(A quick 4 min. read)
One of the joys of being a mammal is that we get to be cute and furry! Well...technically.
Our hair serves mainly to:
- Protect e.g. the hair on our head protects the scalp from the sun. The ones in the nose, ears and around the eyes trap dust, allergens, etc.; while our eyebrows help protect the eyes from dripping sweat among other things.
- Regulate body temperature by insulating the skin from cold and aiding in sweat evaporating from our pores.
- Receive sensation as hair is more responsive than skin to movements in the air, environment and on the skin’s surface itself.
We actually grow three types of hair in our lifetime-lanugo, vellus and terminal hair. The type that gets the most attention is Terminal Hair - scalp, eyebrows, eyelashes, armpits and the like.
Each strand has two main zones:
- Shaft – the part of the hair above the scalps surface
- Follicle – the pore that the strand protrudes from
Did you know…
By week 22 of pregnancy, all our follicles are already formed? Approximately 100,000! We don’t generate any additional ones as we grow, so if you find your hair isn’t as ‘thick’ as it was when you were younger…that’s normal! You have the same amount of follicles, but now- as we say in Trinidad
‘yuh head big’.
It’s also why you should take care of the ones you have.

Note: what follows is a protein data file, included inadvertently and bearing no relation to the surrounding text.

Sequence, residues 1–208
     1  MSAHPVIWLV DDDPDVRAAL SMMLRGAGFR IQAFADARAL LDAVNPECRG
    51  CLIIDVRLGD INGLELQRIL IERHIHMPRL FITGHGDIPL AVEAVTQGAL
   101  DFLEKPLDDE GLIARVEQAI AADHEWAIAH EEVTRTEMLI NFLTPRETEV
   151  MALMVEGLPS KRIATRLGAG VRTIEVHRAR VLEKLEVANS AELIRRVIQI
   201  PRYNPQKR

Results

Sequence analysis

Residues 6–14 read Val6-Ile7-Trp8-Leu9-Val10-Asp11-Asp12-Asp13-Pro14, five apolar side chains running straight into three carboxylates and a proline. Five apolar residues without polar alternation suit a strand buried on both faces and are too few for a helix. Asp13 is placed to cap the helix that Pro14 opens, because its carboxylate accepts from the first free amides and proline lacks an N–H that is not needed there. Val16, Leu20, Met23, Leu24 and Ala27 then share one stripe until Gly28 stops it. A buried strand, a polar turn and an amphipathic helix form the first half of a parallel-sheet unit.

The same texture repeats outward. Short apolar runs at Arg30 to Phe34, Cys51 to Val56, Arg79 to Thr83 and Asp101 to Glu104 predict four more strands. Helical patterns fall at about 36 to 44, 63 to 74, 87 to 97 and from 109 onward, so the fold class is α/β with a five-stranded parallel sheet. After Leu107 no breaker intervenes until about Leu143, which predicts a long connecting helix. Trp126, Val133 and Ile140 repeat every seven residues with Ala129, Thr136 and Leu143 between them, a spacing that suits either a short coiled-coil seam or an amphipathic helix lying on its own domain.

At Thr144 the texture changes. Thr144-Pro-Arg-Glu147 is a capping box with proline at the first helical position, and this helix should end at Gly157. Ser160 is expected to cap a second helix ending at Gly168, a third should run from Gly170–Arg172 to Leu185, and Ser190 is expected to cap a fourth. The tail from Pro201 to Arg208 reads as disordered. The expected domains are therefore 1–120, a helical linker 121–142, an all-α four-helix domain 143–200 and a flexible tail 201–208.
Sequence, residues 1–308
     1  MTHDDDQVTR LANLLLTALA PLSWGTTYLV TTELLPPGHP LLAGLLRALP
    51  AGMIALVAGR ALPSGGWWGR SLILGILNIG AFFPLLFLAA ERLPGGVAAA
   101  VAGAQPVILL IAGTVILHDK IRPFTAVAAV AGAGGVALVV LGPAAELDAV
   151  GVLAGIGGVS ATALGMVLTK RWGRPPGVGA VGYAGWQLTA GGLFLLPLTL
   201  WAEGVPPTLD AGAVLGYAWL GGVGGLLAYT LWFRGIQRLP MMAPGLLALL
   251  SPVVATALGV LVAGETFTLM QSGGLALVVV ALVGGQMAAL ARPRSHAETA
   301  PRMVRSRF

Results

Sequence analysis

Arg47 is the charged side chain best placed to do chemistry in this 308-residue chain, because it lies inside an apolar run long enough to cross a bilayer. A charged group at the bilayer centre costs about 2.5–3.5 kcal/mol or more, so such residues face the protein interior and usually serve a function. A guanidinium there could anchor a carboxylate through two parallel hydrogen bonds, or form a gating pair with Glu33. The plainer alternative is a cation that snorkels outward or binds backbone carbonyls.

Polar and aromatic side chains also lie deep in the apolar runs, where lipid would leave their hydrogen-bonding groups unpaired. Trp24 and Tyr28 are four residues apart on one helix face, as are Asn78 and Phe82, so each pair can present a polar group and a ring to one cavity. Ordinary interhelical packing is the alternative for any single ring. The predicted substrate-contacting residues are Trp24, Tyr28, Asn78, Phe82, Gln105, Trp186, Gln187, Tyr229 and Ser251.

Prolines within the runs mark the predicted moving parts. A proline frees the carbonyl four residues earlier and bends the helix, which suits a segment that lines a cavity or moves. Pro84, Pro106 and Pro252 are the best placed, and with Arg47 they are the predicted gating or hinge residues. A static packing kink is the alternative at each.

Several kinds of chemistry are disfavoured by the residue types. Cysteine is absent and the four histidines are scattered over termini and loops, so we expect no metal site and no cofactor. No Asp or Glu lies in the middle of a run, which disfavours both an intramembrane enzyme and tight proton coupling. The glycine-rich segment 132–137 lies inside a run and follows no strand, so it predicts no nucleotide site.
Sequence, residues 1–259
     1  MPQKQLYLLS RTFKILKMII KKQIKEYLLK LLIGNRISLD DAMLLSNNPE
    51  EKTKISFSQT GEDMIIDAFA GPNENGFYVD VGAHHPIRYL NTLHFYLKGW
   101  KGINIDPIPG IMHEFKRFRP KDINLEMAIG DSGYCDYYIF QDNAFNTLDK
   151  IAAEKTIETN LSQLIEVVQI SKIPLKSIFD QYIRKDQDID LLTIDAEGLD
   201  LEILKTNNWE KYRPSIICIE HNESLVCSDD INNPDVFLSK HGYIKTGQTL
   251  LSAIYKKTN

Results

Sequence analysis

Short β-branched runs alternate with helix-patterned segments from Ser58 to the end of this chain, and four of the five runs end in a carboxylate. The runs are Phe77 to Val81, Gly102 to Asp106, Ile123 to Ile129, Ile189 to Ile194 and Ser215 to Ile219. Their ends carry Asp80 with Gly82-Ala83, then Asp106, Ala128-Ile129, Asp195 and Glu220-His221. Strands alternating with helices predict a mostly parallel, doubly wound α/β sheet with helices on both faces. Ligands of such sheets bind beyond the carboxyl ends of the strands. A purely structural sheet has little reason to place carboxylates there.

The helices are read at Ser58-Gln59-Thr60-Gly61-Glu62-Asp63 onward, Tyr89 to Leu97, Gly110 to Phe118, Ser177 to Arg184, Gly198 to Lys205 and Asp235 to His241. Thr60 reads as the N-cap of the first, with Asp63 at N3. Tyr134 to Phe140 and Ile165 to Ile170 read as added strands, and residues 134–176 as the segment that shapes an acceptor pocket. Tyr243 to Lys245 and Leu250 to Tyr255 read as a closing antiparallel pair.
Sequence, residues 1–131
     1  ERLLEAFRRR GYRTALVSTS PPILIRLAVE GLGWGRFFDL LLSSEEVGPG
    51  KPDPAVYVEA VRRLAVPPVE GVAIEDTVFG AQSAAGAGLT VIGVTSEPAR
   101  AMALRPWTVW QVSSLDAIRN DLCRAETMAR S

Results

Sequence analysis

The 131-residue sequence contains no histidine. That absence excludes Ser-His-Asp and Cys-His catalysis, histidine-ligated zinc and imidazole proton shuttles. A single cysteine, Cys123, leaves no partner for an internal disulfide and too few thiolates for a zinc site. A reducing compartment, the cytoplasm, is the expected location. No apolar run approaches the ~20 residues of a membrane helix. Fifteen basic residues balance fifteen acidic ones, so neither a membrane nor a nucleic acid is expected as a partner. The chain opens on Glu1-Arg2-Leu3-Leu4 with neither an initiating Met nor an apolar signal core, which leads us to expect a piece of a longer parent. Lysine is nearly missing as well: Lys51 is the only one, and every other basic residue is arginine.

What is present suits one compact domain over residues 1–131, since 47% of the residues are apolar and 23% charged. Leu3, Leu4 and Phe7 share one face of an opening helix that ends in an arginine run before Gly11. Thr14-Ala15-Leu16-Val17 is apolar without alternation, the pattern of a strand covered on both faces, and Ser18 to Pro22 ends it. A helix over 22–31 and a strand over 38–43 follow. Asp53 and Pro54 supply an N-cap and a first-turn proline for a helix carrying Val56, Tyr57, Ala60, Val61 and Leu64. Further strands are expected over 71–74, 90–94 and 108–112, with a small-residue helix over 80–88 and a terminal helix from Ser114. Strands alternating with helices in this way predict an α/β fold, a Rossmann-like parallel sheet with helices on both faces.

Even though we care about the shaft the most, all the drama happens below the surface at the root!
The follicle is a marvel, made up of many different parts, including:
- Hair papilla- tissue, nerve endings and blood capillaries. The capillaries feed nutrients and oxygen into the follicle
- Hair matrix – where hair cells & colour are generated. As cells are produced and become infused with the protein keratin, they push out of the follicle as hair strands. Since keratin is white, melanocytes (cells that contribute melanin) give colour to the strand. The matrix has the fastest growing cell rate of any body part, fueled by the blood capillaries.
- Arrector pili muscle- connected to the hair shaft, it can make hair stand on end and gives goosebumps. This affects how air flows across the skin, as well as the flow of blood near the skin’s surface.
- Sebaceous gland – produces sebum (oil) to moisturize, condition and protect the hair strand; it keeps hair from becoming dry and brittle. We only produce approximately 1 oz every 100 days. As we brush or comb our hair, sebum gets distributed along the shaft. Curly hair struggles with dryness partly because: 1) curls and kinks make it hard for sebum to move along the shaft and 2) we usually don’t brush regularly, so distribution is limited.
Using products with little, preferably no mineral oils & silicones; shampooing less (e.g. you can remove sweat & some buildup with warm water & conditioner vs. shampoo) as well as using oils like jojoba, which help regulate sebum production, are good options.
The only living, growing part of the hair is at the very base of the follicle , connected to the papilla. So what’s the secret to hair growth?
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